– School and             – Negative
  neighborhood safety      Neighborhood
– Connectedness            Influence
                         – School violence



Health Care
– Usual source of care
School/Neighborhood Variables
                     ASHCN            No ASHCN

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              Methods
6 regressions run separately for sample of
families with ASHCN and families with no
ASHCN
All variables entered simultaneously
                   So
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       l   th                      m




                                                              0%
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                       d   em
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                                                                              Variance Explained in Model
       Regression Results
Overall impressions
– Risk and promotive factors function in the way
  hypothesized
– Not much difference for most of the predictors
  between ASHCN and non-ASHCN
– Most of the coefficients are rather small
  (although statistically significant)
– Some interesting findings however
       Regression Results
Parent-child closeness is strong predictor
of self-esteem and less problematic
academic outcomes
– For both ASHCN and non-ASHCN, but more
  so for ASHCN
Parent-child communication promotes
social competence and less externalizing
behavior
– For both ASHCN and non-ASHCN, but more
  so for ASHCN
       Regression Results
Parent aggravation had one of the most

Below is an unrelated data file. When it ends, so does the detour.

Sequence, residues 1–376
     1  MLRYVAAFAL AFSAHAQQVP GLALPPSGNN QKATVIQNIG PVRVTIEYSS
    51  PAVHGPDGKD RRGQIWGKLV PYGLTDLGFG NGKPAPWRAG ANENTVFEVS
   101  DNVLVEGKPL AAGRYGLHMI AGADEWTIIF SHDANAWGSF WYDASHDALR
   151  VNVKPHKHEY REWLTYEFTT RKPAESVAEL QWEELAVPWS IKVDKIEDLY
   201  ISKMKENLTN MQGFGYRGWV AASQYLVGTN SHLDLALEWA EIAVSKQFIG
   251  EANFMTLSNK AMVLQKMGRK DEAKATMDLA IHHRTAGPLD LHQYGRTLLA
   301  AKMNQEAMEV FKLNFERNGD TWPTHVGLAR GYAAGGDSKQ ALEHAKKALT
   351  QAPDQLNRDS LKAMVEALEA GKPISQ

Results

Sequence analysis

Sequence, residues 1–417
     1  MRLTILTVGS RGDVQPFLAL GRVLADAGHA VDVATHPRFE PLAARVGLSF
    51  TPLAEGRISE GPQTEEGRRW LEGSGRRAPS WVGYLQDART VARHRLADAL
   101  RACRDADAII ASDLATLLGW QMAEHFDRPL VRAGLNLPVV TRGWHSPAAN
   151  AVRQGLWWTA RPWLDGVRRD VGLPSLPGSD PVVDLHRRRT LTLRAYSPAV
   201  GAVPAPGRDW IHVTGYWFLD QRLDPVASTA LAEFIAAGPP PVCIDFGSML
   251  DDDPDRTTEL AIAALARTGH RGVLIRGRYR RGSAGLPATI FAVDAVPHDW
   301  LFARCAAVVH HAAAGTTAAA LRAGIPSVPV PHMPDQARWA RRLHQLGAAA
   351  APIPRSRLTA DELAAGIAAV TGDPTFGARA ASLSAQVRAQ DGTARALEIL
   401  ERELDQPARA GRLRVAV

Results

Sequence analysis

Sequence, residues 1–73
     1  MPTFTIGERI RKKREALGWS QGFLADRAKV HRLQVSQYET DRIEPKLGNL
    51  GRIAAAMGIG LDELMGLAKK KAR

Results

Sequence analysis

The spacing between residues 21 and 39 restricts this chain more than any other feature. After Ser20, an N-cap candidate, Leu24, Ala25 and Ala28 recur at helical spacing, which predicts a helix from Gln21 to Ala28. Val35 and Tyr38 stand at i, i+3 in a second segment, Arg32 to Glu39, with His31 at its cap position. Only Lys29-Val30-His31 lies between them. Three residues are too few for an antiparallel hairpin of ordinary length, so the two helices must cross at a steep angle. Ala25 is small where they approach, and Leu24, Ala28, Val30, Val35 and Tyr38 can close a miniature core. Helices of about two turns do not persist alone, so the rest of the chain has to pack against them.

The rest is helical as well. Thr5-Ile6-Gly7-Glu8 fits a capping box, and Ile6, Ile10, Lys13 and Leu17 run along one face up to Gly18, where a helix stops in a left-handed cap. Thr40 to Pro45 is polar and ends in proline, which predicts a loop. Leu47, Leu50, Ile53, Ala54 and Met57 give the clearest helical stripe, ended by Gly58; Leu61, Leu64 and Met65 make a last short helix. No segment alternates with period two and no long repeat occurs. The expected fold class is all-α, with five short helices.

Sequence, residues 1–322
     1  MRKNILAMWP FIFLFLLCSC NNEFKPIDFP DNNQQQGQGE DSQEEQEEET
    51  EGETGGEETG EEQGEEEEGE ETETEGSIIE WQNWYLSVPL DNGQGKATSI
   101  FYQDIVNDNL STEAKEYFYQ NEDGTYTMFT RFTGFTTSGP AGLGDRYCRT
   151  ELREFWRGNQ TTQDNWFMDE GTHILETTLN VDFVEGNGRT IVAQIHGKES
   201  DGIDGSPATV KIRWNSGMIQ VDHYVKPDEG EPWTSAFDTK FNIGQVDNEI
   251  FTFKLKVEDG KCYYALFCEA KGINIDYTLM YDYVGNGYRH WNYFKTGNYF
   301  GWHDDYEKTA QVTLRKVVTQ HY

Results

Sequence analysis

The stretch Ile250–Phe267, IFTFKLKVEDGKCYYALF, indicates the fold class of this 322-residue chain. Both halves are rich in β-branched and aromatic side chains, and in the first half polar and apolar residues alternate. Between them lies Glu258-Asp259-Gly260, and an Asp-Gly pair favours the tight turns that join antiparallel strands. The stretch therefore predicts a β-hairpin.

consistent effects, all of which were
amplified for families with ASHCN
– Less social competence
– Lower self-esteem
– Greater externalizing behavior
– Greater internalizing behavior
– Greater academic problems
       Regression Results
School violence and bullying was strongly
related to less self-esteem, greater
internalizing behavior, and more academic
problems for ASHCN and non-ASHCN
– Also evinced a small but positive relation to
  social competence in ASHCN (but opposite in
  non-ASHCN), which may indicate resilience in
  some children
       Regression Results
Usual source of care had similar results for
both ASHCN and non-ASHCN
– Greater social competence
– Less externalizing and internalizing behavior,
  and fewer academic problems
   What does this suggest?
Efforts to ameliorate problem behavior, as
well as promote healthy and competent
behavior, need to include multiple salient
contexts
Despite mean level differences in outcome
variables, the processes and resources
necessary to promote optimal
development are very similar for CYSHCN
and children without special needs
What should we pay attention to?
Multiple resources, supports, connections are
important for positive youth development
When such provisions are available, youth
thrive, but it is also true that when youth thrive,
systems serving youth benefit
Focus on measuring and reducing negative
behavior (externalizing, internalizing, school
problems) BUT also increasing positive
outcomes (self esteem, social competence,
health promoting behavior)
          Taking it to the Streets
Screen
– Identify CYSHCN (MCHB CSHCN Screener)
– Identify insurance (or lack of) and usual source of care
Support
– Support families to support youth: this is a public health message!
         Pay attention to parent aggravation and frustration
         Accentuate the positive: closeness and communication
– Support youth to succeed
         Accentuate the positive: self esteem and social competence
Promote
–   Usual source of care
–   Medical home (www.medicalhomeinfo.org)
–   Connections between families, schools, health system
–   Safe schools: bullying is a public health concern
Resources
– Assets for Youth (Search Institute)
– National Survey of Children’s Health (SLAITS)
– Communities that Care (Univ. of WA Seattle Social Development Project)
Thank you!